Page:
Visitor Experience and Engagement

Deliberately juxtaposing contemporary American art with the Baroque architecture of Rome creates an immersive dialogue between the two eras, encouraging audiences not only to look, think and react emotionally in parallel, but to examine the art in greater depth and contrast dramatic grandeur with a sense of playful irreverence. Installations and multimedia exhibits incorporate visitor interaction to engage a wider, generally changing audience.

Educational programmes and campus tours embed the contemporary works in their Baroque context, offering introductions to the themes explored by contemporary and historical artists; definitions of what the Baroque was and meant; and curatorial ideas about siting and framing historical and contemporary works. These programmes are aimed at deepening the viewer’s aesthetic and epistemic engagement and experience of the artworks.

The show also involves some technological innovation: visitors can open up their phones to augmented-reality (AR) apps that let them see additional layers of information and artistic interpretation. These kinds of digital tools are very much of the moment, an attempt to make a contemporary sensibility and sensibility work in an art-historical setting: brought together, the exhibition is a delightful mix of the old and the new.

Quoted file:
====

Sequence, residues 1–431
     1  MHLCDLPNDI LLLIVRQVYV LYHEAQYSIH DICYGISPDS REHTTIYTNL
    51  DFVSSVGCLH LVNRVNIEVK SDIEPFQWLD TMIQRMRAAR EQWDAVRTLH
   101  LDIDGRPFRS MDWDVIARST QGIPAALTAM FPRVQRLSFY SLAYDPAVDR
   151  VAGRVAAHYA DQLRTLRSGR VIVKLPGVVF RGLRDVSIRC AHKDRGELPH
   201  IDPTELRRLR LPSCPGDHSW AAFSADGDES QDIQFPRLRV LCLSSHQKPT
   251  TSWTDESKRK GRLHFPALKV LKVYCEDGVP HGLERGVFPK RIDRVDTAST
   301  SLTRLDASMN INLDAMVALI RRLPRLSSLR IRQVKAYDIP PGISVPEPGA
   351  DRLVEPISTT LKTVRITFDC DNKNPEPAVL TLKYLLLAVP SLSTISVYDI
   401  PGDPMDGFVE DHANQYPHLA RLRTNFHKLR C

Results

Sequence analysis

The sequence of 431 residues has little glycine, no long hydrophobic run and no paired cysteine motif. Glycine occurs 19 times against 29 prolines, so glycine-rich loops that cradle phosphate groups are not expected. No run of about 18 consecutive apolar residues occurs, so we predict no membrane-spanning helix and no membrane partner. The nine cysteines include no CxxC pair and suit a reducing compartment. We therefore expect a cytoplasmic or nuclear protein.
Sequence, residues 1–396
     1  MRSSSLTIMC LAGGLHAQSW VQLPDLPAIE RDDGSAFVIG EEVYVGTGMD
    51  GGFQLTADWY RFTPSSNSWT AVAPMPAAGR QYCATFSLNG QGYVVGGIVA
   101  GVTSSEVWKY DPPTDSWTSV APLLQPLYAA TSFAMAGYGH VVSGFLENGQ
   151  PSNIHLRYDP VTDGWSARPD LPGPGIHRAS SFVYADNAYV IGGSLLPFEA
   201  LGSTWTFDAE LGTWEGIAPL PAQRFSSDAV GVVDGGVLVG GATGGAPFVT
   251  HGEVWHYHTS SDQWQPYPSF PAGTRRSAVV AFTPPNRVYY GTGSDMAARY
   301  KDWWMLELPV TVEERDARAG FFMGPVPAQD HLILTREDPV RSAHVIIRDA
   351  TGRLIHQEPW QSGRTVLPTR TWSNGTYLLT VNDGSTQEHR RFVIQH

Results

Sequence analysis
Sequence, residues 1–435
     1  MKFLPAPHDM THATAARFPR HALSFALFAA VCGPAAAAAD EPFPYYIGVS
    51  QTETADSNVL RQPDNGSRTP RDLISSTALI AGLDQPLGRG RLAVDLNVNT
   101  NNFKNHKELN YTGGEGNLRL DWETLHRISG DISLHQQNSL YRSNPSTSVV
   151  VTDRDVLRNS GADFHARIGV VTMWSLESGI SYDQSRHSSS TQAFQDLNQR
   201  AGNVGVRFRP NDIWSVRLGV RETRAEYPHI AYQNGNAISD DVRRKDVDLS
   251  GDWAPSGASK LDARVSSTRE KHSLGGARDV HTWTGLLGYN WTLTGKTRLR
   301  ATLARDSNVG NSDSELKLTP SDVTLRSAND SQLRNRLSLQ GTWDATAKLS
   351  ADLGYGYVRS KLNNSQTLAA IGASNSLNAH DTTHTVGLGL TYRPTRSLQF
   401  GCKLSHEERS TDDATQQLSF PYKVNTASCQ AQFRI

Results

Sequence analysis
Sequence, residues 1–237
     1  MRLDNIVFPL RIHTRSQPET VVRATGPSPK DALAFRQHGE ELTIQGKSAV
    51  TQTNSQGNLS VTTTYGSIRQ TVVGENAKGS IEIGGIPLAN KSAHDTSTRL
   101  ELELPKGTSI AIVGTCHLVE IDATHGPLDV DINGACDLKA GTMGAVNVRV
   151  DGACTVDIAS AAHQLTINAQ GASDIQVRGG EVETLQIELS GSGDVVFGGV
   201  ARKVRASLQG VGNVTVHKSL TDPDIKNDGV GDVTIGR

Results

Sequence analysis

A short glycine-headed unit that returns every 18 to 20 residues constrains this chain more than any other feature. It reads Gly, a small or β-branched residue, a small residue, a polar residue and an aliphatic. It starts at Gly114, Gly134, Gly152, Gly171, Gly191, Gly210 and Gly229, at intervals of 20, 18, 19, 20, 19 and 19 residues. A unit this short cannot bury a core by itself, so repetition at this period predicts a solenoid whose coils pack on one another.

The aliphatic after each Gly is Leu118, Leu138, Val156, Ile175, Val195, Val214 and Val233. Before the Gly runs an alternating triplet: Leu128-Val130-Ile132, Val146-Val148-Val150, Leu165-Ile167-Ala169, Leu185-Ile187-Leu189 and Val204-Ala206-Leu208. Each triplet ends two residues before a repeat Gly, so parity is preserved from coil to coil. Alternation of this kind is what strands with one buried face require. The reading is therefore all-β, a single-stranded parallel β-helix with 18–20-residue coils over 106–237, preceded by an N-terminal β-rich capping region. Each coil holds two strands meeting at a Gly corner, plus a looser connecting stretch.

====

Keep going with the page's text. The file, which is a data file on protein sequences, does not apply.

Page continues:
Cultural and Artistic Impact

The installation of modern American painting and sculpture in Rome, amid its Baroque surroundings, makes a statement about artistic universality, about the importance of movement and dialogue across cultures, testifying convincingly to the ability of art to transcend both space and time and engage us in a global dialogue.

Finally, at the cultural level, the visual impression of an exhilarating and ever-changing city is a salute to Rome’s presence in the world as a major centre of cultural innovation that welcomes and valorises the past, while making itself open to the future. It promotes a dialogue between traditions, and not only inspires foreigners but makes the inhabitants of the eternal city – or at least some of them – feel part of a cosmopolitan community.

It is also an artistic challenge to the old conventions and an invitation to fresh thinking. Select immersive mid-century and contemporary works in a Baroque setting forces curators and artists to rethink thoroughly traditional – and, therefore, limiting – considerations regarding exhibition design. The curatorial work of Montecchi represents an exciting way of stimulating and confirming that art is itself a language that always goes through among body languages, speaking also ‘our’ present, and reinventing itself over and over again in new ways.

Future Prospects and Legacy

More importantly, the success of this exhibit will set the stage for future collaborations and projects that also bring artists from different traditions and time periods into dialogue. It demonstrates that this model can be carried forward, and that contemporary art can be presented in historical contexts in ways that deviate from longstanding musological practice to open up new possibilities for curatorial innovation. For example, one can imagine future exhibits that continue to connect artists of disparate origins and periods into a dialogue that creates ­­­­an innovative and intriguing anthology of images and ideas.